Inventory Classification 101

Table of Contents

Why Classify Inventory?

Classifying inventory is one of the most basic, yet essential and strategic parts of inventory management. Classifying inventory allows business owners to focus on items that make the most impact on their business goals while identifying (and potentially removing) items that aren’t contributing to the bottom line, selling or are obsolete.

Beyond simply identifying items as revenue-generating and dead weight, classifying items provides a better way to assign service levels to meet target fulfillment rates. The classification also simplifies the assignment of safety stock inventory (dollars of investment) to each item based on its contribution to the organization. Alignment of service levels to the various classifications of inventory will unite execution with strategic intent. This will mean happy customers and happy customers mean repeat business and recommendations.

Lastly, classifying inventory helps streamline your inventory management processes. With more predictability and less fires to put out, business owners can focus on the future rather than the now.

Inventory Coach Tip: Classifying inventory, also know as SKU rationalization, provides additional benefit through focus on items that contribute and elimination of distractions on items that carry less importance. Your teams will be more effective with their time spent managing inventory.

Is My Inventory Classified Correctly?

There are a number of issues that can occur when items are not classified properly. Below are some trigger questions that might help identify classification problems in your inventory. In the last 12 months:

  1. Where items in your inventory that should not be ordered, ordered?
  2. Are the quantities of items that have been ordered correct? Are you left with too many (excess stock) or do you run out too soon (stock-out)?
  3. Does it take your team too much time to run through the inventory management process?
  4. Are your target fulfillment rates and safety stock level applied to all items instead of individualized based on demand? (Do you have target fulfillment and safety stock levels?)

Inventory Coach Tip: A common but costly approach to establishing safety stock is often applying a days of supply to each item. This blanket approach may be easy to assign and administer but often contributes to too much inventory on predictable items and not enough (stock outs) on items with less predictable sales.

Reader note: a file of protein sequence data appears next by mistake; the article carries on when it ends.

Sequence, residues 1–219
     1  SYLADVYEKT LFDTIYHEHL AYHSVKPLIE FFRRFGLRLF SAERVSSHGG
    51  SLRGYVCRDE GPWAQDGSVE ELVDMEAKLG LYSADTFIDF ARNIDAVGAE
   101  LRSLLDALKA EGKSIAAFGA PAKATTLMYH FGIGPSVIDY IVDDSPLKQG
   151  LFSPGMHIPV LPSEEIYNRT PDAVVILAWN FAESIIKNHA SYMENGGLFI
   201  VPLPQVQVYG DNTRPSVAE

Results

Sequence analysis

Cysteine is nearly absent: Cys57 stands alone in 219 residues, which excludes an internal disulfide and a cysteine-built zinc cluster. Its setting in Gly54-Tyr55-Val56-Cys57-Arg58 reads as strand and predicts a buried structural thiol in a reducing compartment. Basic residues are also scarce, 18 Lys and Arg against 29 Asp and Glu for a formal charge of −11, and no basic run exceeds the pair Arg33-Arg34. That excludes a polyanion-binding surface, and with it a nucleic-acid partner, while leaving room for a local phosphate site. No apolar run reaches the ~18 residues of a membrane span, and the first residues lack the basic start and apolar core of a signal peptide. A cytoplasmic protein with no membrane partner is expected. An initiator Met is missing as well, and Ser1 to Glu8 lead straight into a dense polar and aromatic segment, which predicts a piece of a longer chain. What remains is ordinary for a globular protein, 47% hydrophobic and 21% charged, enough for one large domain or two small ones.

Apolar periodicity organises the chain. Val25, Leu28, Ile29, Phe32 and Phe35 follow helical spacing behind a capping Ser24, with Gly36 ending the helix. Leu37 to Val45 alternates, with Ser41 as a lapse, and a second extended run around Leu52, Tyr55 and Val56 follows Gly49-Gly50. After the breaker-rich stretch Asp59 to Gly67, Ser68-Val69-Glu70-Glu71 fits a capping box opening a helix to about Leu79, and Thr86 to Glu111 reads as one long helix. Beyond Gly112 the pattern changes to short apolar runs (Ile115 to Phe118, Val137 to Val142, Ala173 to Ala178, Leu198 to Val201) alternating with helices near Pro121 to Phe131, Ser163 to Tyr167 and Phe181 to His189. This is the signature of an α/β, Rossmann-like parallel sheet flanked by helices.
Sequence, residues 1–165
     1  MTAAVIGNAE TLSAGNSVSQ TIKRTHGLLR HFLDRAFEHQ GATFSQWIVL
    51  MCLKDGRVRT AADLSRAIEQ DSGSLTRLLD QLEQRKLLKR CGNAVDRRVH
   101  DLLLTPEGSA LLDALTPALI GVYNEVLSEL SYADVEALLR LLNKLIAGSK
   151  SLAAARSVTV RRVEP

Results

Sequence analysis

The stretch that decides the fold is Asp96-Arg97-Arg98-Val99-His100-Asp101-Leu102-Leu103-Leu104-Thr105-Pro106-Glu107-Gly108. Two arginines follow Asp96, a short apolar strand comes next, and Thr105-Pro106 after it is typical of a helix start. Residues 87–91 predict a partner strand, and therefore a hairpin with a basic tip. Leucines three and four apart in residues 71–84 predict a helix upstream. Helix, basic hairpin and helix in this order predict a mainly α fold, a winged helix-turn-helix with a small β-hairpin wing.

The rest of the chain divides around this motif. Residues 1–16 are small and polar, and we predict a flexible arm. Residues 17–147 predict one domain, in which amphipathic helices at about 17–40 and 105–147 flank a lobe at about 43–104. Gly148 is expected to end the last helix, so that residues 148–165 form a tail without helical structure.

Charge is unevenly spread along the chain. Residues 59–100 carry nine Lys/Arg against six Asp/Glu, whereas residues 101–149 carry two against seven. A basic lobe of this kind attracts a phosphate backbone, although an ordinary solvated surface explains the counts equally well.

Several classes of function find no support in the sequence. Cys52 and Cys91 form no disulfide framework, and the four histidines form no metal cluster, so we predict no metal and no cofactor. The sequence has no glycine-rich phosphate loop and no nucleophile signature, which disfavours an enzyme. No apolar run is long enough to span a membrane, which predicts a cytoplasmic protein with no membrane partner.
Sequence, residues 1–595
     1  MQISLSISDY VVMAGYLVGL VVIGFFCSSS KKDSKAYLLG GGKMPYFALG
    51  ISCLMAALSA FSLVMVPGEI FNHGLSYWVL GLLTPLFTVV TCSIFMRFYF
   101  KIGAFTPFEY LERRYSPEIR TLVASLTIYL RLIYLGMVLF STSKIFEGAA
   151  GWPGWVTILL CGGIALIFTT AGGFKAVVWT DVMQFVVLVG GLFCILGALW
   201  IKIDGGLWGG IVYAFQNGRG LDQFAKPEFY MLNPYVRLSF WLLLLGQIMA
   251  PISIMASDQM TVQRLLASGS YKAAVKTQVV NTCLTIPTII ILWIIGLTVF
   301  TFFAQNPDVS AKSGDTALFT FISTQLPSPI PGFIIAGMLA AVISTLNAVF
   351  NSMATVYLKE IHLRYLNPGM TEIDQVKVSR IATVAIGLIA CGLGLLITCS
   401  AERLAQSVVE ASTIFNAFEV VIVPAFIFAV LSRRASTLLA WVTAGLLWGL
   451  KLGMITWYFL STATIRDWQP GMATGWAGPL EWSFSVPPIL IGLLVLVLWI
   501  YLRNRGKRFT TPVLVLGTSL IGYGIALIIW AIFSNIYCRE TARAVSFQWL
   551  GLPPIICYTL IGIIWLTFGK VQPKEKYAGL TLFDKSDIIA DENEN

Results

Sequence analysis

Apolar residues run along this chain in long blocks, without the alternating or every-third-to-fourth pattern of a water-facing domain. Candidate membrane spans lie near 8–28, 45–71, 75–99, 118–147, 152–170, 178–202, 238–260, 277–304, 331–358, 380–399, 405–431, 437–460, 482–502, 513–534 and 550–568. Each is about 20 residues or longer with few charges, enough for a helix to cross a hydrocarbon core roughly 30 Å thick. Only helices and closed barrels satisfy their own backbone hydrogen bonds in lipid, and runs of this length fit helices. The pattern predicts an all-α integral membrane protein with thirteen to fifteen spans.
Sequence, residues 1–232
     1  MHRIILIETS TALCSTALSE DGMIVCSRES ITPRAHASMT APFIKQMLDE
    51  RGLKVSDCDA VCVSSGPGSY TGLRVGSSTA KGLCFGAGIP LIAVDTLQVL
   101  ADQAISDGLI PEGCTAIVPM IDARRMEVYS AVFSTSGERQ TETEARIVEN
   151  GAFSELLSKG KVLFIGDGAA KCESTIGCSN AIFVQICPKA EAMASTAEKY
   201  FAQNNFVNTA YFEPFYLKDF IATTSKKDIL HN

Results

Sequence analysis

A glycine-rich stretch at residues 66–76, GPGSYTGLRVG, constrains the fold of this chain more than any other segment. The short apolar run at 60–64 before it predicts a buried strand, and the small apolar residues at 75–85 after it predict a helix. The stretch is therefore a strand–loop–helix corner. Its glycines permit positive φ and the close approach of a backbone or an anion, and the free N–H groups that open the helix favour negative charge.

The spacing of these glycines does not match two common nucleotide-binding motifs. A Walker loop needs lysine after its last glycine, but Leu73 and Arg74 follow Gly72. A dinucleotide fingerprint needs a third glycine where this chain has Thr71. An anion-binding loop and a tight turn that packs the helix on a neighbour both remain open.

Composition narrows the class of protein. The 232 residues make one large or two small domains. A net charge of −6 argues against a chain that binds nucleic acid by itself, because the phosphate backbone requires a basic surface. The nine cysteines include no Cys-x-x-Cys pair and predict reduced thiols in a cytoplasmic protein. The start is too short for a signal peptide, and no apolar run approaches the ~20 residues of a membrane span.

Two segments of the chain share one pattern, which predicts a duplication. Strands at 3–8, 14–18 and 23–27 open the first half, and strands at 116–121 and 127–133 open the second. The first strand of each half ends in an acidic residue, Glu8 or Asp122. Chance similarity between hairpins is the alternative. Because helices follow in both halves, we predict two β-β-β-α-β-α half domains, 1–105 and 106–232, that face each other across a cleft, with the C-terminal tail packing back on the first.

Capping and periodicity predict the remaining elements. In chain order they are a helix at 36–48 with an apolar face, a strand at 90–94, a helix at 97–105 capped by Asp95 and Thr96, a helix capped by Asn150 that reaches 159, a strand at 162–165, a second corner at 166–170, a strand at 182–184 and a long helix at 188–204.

How Can I Improve My Inventory Management Classification Process?

The facts is that each business owner has unique inventory management needs based on a number of different business goals. Ideally, an inventory management consultation is the best, most effective route to take to improve efficiencies and increase revenue. However, below are a few general guidelines that most business owners can benefit from.

  • Identify obsolete items that are inflating your inventory unnecessarily. A general rule of thumb is that items that have not sold in 24 months should be considered for the “Obsolete” classification.
  • Next, identify items that have not sold in the last 12 months and consider them for “Non-stocked” classification.
  • The rest of the items are selling and triggering orders consistently and will be classified as A, B, or C items.
  • Compute high, medium, low velocities of the items.

Classifying items as A,B, or C involves a few calculations to identify cutoff points and ends with identifying the 20% of your stock that produces 80% of your revenue, or margin. This helps business owners focus on the highest producing items, to ensure they are properly stocked. The problem with only classifying products using the A,B, or C method is that it doesn’t account for cheap items sold at a high rate. Including unit sales, or velocity, will ensure that these items don’t get improperly classified and cause issues with stock-outs.

Free EBOOK Download

Top 10 Inventory Practices of Top Performing Distributors

What differentiates high-performing distributors from the rest of the pack? They're implementing these best practices for inventory management.

This website uses cookies to enhance user experience and to analyze performance and traffic on our website. By using our site, you consent to the use of cookies in accordance with this Cookies Disclaimer.